Water scarcity is an enormous challenge in many parts of the world, with many of the world’s most important aquifers being drained much faster than they can be replenished. These trends in water availability will have effects on food production systems, water-borne illness patterns, and other water-related diseases. For example, the aquifer under the North China Plain, where half of China's wheat is grown, is falling at up to three meters/year, and it is estimated that each year 300 million Indians and Chinese are being fed on fossil water that is not being replenished. Demographic changes are driving sharp increases in global water demand at a time when climate change promises to increase water scarcity in a variety of ways, including more extreme forms of precipitation, dry areas becoming drier, earlier spring runoff from winter snow pack, loss of glacial contributions to dry-season flow, sea level rise and inundation of coastal aquifers with salt water, and hotter temperatures leading to increased evapotranspiration.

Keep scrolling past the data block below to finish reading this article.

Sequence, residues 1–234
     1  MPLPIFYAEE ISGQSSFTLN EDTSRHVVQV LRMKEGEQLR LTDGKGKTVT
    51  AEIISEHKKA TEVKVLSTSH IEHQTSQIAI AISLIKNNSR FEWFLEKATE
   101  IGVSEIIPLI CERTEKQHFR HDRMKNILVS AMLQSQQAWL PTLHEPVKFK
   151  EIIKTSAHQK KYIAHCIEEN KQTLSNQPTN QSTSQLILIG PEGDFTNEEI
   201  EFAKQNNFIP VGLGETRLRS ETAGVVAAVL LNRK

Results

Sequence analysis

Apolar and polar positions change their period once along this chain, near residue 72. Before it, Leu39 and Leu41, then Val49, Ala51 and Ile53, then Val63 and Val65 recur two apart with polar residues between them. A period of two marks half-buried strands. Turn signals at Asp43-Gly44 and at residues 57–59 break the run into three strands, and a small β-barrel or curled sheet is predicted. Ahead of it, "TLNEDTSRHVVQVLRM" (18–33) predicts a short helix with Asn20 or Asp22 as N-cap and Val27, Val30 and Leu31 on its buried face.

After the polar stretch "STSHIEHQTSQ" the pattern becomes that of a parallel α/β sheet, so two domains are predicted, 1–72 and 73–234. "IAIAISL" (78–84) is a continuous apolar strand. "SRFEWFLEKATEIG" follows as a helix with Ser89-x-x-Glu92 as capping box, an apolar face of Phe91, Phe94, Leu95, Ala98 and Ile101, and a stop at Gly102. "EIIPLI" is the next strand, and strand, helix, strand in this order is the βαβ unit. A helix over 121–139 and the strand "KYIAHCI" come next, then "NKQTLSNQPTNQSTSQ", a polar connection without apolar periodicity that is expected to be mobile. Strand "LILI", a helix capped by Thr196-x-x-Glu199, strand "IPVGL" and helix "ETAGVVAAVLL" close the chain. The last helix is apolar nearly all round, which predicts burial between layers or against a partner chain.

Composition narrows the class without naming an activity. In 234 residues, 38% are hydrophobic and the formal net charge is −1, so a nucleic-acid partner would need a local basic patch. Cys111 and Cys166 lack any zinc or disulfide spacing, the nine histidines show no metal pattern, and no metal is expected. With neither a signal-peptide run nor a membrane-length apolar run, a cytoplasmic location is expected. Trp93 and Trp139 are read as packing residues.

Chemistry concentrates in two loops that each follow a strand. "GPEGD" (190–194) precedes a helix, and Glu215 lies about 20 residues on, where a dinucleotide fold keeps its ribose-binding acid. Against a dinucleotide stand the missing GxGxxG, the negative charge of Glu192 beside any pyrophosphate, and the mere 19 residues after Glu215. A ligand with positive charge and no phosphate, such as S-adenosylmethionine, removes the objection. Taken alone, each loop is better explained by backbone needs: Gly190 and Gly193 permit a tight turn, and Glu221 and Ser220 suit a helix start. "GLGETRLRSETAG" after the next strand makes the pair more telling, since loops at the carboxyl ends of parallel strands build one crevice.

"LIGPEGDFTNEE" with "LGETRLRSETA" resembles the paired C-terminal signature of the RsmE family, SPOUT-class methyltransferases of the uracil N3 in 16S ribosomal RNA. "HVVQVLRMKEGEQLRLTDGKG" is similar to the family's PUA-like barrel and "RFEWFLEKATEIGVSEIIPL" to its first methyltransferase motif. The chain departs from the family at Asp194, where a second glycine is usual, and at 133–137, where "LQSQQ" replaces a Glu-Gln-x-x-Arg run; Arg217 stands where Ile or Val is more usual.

These complex changes in quantity, quality, and timing of water availability, overlaid on significant existing water scarcity and increasing demand, are likely to impact food production, water-borne disease exposure, and water-related diseases. Changes in land use (e.g., deforestation) also impact water quality and quantity and exposure to water-borne disease in ways that are inadequately understood. Research to better characterize these challenges and identify approaches to reducing vulnerability is urgently needed.